Dissecting the costs of organics recycling

Share this:
August 27, 2014
By: David Brauer
David Brauer

So is the city’s new curbside food-waste collection program a massively expensive feel-good exercise?

Cam Winton, the Republican shadow mayor of Minneapolis, said as much in a recent Star Tribune op-ed. Noting an $8 million cost to “recycle organic materials like food scraps and drier lint,” Winton suggested the $40-a-year fee every household might pay would divert money from “school supplies,” “a bike helmet for a budding bicyclist,” or “healthy food from the farmers market.”

OK, that’s laying it on a little thick: Cam patronizes a farmers market I’ve helped run in Fulton, where we’ve asked patrons to separate out compostable food and paper waste for years — and paid to have it processed.  When you’re into healthy food, the last thing you want to do is what we do now: send it to the downtown garbage burner where, mixed with other trash, it becomes toxic ash.

But Cam is asking appropriate questions about economics. Curbside organics collection is a big gulp — actually $9.2 million to $9.4 million in the first year, according to David Herberholz, the city’s solid waste and recycling director. That’s about as much as Minneapolis spends on street repair (though to be fair, $5 million of the $9 million-plus is start-up capital costs like trucks and new green collection carts.)

Based on pilot programs in neighborhoods like Linden Hills, Herberholz estimates 40 percent of the city will request the green carts in Year One, diverting about 8,000 tons of compostables, or about 16 million pounds.

That sounds like a lot, but it represents only 5 percent of the waste stream. If you want to take the harshest view of the numbers, taxpayers will pay about $1,162 a ton for the organics they conscientiously divert.

While the $3.50-a-month fee might not literally cause kids to drop out of school, it isn’t progressive taxation (poor families will pay as much as rich). That’s how garbage and water fees work, so it’s not unprecedented. However, unlike those, households that don’t opt-in to organics will pay exactly the same price that participants do.

So why swallow this pill?

First, the scary numbers look a lot better after year one. Operating costs are less than half the initial $9 million, settling somewhere between what Minneapolis now spends on recycables and yard waste.

Second, participation should go up, meaning more diversion from the burner. Some of us are old enough to remember when recycling was “weird,” but now it feels gross to actually toss that glass bottle in the trash. At our farmers markets, it didn’t take long for people to become habituated to throwing napkins, paper, and food waste into the compostable bin — which by the way, is far bigger than our recycling or trash bins now. People may be able to drop down from a large to small trash cart, saving almost all of the new organics fee.

Because people need time to learn, the “opt-in” system makes sense. Yes, the city has to pay a Rosemount processor about as much to turn organics into soil as it pays Hennepin County to burn trash, but if that organics stream is contaminated, Rosemount will either reject it or charge us more. The last thing you want is participants who use their green bin as another wastebasket; better to start out with the truly committed. But because this will benefit the entire city, everyone should pay.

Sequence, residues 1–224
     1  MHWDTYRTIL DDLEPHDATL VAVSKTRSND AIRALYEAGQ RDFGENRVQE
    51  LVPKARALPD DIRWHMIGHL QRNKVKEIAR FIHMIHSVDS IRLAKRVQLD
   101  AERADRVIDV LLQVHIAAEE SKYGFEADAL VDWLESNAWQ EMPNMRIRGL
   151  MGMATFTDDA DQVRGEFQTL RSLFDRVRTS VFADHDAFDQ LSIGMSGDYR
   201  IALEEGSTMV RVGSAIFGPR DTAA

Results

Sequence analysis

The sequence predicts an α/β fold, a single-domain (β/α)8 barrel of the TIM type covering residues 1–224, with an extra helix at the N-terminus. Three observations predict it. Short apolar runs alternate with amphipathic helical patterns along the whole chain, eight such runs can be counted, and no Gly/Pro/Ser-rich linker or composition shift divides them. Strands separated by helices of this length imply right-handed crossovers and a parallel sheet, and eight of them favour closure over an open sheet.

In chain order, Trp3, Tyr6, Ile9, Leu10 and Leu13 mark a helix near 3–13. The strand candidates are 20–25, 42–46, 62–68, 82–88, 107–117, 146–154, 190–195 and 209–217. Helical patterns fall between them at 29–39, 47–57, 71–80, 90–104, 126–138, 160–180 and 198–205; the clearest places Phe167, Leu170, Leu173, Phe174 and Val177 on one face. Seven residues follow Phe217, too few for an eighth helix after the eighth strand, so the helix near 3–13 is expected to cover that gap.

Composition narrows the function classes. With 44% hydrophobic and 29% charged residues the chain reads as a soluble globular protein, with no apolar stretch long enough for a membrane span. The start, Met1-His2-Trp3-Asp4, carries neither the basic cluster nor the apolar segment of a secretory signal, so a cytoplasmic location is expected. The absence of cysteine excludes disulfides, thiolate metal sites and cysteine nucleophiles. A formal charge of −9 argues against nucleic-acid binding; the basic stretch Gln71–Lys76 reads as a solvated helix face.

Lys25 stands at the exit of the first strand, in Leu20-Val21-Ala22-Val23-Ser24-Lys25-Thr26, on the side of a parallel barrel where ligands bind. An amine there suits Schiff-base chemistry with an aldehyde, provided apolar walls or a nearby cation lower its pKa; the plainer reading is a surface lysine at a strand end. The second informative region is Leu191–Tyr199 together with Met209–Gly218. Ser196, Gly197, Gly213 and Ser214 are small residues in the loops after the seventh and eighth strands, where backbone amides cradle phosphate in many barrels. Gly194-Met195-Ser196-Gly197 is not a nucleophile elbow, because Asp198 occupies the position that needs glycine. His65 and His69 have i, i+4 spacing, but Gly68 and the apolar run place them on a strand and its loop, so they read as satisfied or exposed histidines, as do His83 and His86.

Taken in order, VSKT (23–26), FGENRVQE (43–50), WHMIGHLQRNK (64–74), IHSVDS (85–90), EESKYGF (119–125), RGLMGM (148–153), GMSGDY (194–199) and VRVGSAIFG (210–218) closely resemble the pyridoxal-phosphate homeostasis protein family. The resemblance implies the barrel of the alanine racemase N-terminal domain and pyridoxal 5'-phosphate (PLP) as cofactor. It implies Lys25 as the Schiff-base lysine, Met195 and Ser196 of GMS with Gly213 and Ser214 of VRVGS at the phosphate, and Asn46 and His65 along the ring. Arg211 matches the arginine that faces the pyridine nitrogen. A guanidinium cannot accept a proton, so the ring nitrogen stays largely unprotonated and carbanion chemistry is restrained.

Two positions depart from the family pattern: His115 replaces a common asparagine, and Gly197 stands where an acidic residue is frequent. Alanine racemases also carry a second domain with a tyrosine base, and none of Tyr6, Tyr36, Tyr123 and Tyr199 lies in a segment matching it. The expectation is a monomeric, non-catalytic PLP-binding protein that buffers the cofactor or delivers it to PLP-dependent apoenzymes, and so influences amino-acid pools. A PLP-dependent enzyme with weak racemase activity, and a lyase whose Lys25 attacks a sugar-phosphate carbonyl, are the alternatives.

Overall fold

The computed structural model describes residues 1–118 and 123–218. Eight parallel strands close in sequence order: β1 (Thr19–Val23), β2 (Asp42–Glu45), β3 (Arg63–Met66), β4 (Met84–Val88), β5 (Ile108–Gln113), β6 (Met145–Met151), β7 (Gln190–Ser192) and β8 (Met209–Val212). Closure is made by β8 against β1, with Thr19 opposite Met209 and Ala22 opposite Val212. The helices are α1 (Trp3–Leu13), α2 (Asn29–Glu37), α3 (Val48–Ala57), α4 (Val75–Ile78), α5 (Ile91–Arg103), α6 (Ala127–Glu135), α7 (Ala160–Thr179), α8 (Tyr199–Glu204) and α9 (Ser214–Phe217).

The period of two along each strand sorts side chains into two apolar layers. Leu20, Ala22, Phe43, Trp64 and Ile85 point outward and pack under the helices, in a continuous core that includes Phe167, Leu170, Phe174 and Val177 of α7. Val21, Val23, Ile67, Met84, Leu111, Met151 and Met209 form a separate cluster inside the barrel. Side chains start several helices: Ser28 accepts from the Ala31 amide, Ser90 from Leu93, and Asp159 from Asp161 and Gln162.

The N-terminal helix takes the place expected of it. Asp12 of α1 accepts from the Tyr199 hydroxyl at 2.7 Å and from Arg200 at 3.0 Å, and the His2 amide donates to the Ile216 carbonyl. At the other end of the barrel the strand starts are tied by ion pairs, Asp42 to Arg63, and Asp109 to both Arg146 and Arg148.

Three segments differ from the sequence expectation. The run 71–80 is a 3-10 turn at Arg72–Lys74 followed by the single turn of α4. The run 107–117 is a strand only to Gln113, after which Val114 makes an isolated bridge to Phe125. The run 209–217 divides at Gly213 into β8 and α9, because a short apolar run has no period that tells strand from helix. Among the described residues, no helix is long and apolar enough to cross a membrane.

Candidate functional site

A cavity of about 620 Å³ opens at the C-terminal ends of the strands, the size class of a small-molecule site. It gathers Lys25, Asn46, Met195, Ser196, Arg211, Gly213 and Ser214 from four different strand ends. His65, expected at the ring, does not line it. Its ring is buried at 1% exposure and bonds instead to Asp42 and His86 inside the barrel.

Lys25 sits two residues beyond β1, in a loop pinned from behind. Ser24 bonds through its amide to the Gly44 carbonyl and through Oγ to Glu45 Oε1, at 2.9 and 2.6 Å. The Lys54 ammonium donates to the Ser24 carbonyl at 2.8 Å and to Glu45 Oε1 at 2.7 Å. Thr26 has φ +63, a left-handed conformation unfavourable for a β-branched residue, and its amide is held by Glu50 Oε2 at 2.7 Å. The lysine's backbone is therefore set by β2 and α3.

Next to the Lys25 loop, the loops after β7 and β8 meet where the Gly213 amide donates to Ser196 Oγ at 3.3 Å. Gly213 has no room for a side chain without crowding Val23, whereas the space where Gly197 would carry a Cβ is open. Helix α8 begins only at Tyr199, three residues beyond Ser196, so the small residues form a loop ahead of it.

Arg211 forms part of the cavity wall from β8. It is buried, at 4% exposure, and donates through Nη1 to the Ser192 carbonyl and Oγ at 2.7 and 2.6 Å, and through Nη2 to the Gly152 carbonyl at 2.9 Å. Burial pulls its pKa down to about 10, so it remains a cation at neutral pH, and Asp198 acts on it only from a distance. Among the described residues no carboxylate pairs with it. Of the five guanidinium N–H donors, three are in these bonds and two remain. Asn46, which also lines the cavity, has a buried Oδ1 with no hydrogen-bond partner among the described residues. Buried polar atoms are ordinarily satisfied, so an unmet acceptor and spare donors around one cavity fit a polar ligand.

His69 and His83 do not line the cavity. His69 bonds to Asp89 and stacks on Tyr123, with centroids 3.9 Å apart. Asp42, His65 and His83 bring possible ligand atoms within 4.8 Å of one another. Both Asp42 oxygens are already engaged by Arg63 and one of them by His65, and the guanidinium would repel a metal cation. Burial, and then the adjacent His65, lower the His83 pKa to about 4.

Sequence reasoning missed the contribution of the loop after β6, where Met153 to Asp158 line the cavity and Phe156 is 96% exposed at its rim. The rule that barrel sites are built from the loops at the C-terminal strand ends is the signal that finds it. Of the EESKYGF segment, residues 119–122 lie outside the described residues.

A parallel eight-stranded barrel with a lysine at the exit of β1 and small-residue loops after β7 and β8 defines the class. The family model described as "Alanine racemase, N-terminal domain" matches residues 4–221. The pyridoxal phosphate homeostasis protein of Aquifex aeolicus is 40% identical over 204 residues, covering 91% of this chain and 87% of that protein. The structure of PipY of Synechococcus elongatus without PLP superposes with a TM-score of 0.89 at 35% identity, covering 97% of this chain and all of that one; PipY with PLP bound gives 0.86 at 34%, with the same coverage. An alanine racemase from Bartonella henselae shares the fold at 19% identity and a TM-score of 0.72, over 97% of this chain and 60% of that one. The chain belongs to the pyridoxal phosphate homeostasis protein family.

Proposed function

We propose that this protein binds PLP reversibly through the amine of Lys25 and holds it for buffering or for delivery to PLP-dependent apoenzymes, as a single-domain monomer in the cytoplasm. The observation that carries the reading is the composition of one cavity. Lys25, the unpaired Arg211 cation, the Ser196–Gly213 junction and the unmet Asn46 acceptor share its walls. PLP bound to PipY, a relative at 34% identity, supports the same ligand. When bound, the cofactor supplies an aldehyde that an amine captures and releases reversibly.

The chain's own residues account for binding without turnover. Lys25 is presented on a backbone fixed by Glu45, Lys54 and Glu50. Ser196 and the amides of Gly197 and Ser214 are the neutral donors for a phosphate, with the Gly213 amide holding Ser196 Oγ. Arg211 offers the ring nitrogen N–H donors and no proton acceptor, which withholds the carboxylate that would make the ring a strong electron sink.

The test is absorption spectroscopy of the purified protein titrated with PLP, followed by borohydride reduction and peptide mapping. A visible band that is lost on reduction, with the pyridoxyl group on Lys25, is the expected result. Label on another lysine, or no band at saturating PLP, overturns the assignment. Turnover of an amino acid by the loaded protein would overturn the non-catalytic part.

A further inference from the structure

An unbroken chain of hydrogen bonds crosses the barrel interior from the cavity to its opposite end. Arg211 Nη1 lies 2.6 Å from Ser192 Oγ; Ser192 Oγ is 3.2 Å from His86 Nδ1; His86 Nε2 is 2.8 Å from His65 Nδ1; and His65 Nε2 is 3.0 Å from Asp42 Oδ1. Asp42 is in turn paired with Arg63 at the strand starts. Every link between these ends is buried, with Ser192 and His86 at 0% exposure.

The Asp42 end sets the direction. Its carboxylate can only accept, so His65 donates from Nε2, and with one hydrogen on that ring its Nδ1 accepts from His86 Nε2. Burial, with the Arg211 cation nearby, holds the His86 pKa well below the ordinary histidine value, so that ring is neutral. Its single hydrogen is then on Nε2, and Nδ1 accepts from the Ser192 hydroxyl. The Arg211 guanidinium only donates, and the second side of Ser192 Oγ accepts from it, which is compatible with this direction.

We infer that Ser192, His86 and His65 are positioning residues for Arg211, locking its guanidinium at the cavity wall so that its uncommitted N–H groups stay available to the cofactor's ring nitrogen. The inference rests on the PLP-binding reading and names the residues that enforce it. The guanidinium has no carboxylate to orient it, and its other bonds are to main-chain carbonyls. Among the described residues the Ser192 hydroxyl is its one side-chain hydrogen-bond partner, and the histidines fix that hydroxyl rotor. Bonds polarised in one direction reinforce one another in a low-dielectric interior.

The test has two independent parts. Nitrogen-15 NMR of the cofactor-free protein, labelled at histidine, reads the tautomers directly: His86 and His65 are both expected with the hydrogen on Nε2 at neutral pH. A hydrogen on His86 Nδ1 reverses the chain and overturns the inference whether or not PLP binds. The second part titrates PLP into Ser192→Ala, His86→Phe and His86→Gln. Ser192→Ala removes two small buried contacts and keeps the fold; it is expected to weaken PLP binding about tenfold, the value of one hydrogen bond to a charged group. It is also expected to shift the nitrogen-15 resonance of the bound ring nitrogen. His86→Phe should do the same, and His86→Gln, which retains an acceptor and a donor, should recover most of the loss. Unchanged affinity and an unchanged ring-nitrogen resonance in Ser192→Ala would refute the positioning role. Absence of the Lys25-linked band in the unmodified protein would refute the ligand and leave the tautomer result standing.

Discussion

While Winton tweaked the mayor for her “extravagance,” he didn’t mention that her hands were effectively tied. You may remember Minneapolis and Hennepin County got into a spat over expanding the garbage burner; the city, which controls the burner permit, eventually denied permission. The county then basically forced the city to institute organics recycling ASAP or lose a nearly $900,000 county grant.

You might argue the city should eat the $900K instead of spending $9 million, but there is also the state goal of a 15 percent diversion goal by 2030, triple Minneapolis’ first-year estimate. This isn’t going away, so we’d best get going.

Not even Winton can countenance continuing to burn compostable material; he holds out the technological fix of a “modern landfill and capturing the resulting methane for energy.” It’s worth noting that the state doesn’t even allow yard waste in landfills; Hennepin County, much less Minneapolis, really doesn’t have this option. And is it really better to keep mixing nutrient-rich material with trash and capture its decay, or return nutrients to the soil to sustain us all, as Minneapolis will do?

Winton has a point that the environmental benefits are offset by a fourth set of collection trucks rumbling through the city; Herberholz says he’d love to collect organics with the also-compostable yard waste, but the emerald ash borer prevents the two streams from being mixed.

Still, it’s worth remembering that every pound diverted from the garbage truck lightens its load. Organics collection is not without transition costs, but as with recycling, it will soon seem odd that we once failed to do it. 

David Brauer, a former Journal editor, lives in Kingfield with his wife and two kids.